One of York’s most controversial buildings, Stonebow House, is to be reborn in gold and glass.
What was built as a concrete monument to Sixties brutalist architecture will be transformed to create a building developers say will “enhance the eastern gateway to the city centre”.
The Oakgate Group has bought the long leasehold of Stonebow House for an undisclosed sum from the receivers of its previous owners, property investment company Brightsea Sarl, which went into administration in 2013.
Under plans to be submitted to City of York Council, Stonebow House would become home to apartments, shops and restaurants.
Concrete stripped away
The comprehensive redevelopment will see the upper floors of Stonebow House converted into 20 luxury apartments, while on the lower floors much of the notorious 1960s concrete will be removed.
Space will be opened up and the building will be fully refurbished for modern commercial use.
There will also be about 31,500 sq ft of retail and leisure space, including shops, cafes and restaurants.
MD of Oakgate Richard France said:
With the opening of the impressive new Hiscox building, the new boutique Moxy Hotel and the Hungate residential development progressing, it is the missing piece in the redevelopment jigsaw for this part of York.
The change of ownership means the remaining tenants of Stonebow House are being asked to leave.
Much of the building is already vacant. Corals Bookmakers has left, Fibbers moved out in 2014, and the newer bar known both as Nevermind and And All That Could Have Been, closed some time ago.
Heron Foods remains, as does the Havana Cafe & Cocktail Bar, which only opened in Stonebow House at the end of the year. How long they will stay put is unknown at this stage.
The Duchess has hosted gigs in Stonebow House for eight years. Before that the same family owned the Snooker Centre there.
Owner Matty Tunstall said: “We will be actively looking for another venue in York if a suitable one can be found.”
‘New economic life’
The building has fallen into a state of disrepair in recent years. Boss of Wetherby-based Oakgate Richard France said that will all change.
“We will be keeping the structure, which is sound, but give it a new economic life by transforming the building’s appearance and internal space, thereby complimenting the regeneration of the Hungate area,” he said.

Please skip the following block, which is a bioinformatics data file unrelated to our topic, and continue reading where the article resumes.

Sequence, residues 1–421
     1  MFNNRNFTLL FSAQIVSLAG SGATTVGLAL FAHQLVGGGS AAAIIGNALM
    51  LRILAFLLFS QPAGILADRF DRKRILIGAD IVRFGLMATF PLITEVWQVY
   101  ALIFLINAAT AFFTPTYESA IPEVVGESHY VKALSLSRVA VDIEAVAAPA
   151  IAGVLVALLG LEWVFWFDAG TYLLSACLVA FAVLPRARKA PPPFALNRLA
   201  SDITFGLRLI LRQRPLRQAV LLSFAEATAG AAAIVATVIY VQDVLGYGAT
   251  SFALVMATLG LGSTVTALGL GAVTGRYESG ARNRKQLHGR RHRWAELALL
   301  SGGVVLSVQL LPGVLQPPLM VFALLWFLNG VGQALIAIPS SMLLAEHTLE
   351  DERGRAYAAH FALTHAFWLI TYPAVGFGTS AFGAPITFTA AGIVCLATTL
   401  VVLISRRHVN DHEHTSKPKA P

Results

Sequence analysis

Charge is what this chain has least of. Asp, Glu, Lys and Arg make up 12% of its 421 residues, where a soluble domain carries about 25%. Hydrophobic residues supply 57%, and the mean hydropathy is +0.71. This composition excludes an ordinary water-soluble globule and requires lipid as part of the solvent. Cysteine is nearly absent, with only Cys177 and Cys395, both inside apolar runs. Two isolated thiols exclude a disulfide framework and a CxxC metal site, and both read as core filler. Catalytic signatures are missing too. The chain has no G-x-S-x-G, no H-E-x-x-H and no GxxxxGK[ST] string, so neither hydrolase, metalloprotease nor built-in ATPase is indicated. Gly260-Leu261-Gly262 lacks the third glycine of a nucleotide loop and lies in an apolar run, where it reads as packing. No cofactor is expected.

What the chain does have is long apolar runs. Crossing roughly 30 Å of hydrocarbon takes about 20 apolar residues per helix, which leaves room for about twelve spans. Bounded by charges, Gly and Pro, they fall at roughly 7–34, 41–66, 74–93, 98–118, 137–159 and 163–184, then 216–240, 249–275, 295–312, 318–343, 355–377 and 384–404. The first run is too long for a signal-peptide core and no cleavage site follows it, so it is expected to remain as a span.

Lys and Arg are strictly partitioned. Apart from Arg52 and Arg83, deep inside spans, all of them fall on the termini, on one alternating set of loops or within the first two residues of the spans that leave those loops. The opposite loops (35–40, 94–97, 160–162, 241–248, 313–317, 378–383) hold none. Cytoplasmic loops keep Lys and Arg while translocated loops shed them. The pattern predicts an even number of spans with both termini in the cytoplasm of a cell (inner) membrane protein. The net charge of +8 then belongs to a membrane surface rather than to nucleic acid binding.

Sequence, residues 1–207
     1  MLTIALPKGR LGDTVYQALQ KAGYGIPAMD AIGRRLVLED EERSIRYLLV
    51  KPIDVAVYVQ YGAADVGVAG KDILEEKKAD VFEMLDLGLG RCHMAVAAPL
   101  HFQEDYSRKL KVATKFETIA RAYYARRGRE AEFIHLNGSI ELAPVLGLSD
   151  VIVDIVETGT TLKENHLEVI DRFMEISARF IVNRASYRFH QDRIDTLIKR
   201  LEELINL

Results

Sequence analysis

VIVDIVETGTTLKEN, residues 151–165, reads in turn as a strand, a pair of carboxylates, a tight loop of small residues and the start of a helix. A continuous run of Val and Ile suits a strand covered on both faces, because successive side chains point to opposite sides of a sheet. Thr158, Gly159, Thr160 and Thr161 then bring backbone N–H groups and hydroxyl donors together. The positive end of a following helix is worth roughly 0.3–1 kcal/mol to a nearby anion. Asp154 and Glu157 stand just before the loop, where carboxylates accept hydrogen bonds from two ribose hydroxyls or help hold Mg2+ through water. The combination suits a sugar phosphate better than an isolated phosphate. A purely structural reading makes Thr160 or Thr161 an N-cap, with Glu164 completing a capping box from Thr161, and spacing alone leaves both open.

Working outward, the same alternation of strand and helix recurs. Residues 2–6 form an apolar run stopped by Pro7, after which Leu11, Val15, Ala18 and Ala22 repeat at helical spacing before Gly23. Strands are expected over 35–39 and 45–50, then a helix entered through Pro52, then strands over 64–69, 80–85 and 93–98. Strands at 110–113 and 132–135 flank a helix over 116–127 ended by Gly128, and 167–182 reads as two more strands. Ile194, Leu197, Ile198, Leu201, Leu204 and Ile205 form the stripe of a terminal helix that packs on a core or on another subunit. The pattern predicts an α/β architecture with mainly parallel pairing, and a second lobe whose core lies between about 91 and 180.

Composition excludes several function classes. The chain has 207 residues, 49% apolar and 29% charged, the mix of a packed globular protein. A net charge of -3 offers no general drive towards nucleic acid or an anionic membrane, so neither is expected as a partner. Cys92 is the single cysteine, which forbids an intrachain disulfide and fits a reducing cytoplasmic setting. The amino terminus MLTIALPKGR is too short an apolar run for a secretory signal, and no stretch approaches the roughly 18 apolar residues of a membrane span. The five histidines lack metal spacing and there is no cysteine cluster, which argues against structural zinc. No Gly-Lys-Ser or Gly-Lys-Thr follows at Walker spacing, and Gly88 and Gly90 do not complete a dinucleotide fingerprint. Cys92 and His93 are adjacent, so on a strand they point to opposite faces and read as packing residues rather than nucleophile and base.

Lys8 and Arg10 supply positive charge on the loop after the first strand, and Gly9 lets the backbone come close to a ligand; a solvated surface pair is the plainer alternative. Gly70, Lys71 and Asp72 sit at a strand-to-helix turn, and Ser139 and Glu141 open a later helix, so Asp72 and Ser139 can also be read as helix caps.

“Even at this early stage, there is a lot of interest from retailers and restaurant operators because of the new configuration of space and we expect to attract further significant investment, when the refurbishment works are complete.”
Stonebow House was built in 1964, following York’s slum clearance programme, and designed by Wells, Hickman and Partners.
It has had a chequered history in the eyes of York residents and building experts and has often featured in worst building lists in the UK because of its imposing nature.
It has been described by national architecture critics as “hideous” and “sheer visual misery”, and out of place within an historic urban setting.
If the planning application is approved, the renovations will take between 12-15 months to complete.
The Oakgate Group has a successful history of regenerating run-down buildings. Previous projects include Northern House on Rougier Street in York, Tanner Row Car Park on George Hudson Street in York and Harrogate House on Parliament Street in Harrogate.
The marketing agents for the retail part of the development are Lawrence Hannah of Blossom Street, York.
The residential element will be handled by Hunters of York.
The Oakgate Group has a successful history of regenerating run-down buildings in North Yorkshire Previous projects include Northern House on Rougier Street in York, Tanner Row Car Park on George Hudson Street in York and Harrogate House on Parliament Street in Harrogate.
The marketing agents for the retail part of the development are Lawrence Hannah of Blossom Street, York. The residential element will be handled by Hunters of York.
Miles Lawrence of Lawrence Hannah said:
We anticipate a serious amount of interest in the retail space, providing a timely boost to York’s economy.”
Is the concrete structure really “sound”? Maybe the developers should read this: https://theconversation.com/the-problem-with-reinforced-concrete-56078
Just needs tearing down surely? A lick of paint and some glass panels ain’t fooling nobody.
A tin of gold paint doesn’t turn this eyesore into anything other than a gold eyesore. Level it and start again. It’s vile, always has been and always will be. Btw. It also stinks, inside and out! All the money you think you’re saving will be spent digging up the foundations to re install the plumbing…
This visionary proposal is brilliant. I put forward a similar idea a few years ago, suggesting that rather than pull it down the building could “healed”, I even suggested that the ideas of Hundertwasser be incorporated
It has a look of Peninsula Heights, Vauxhall, London, where Lord (Jeffrey) Archer had an amazing penthouse. It was refurbished by Regalian plc in the early 1990’s.
Like Stonebow House it was built in the 1960’s and was formerly called ‘Alembic House’ and built for the United Nations.
Great idea looks great from the image shown. Would have said it needed pulling down until I saw this
It deserves no pity and no halfway solution, simply tear it down to expose the classic buildings behind.
Really happy to hear this place is having a facelift – It’s only 20 odd years overdue but better late than never!
Just what York needs – more expensive flats.
Not sure that replacing unfashionable 60s concrete with a throwback to 80s plate-glass is exactly a step forward either.
Still, as long as the developers make a packet, who gives a toss?
Totally agree, Bob.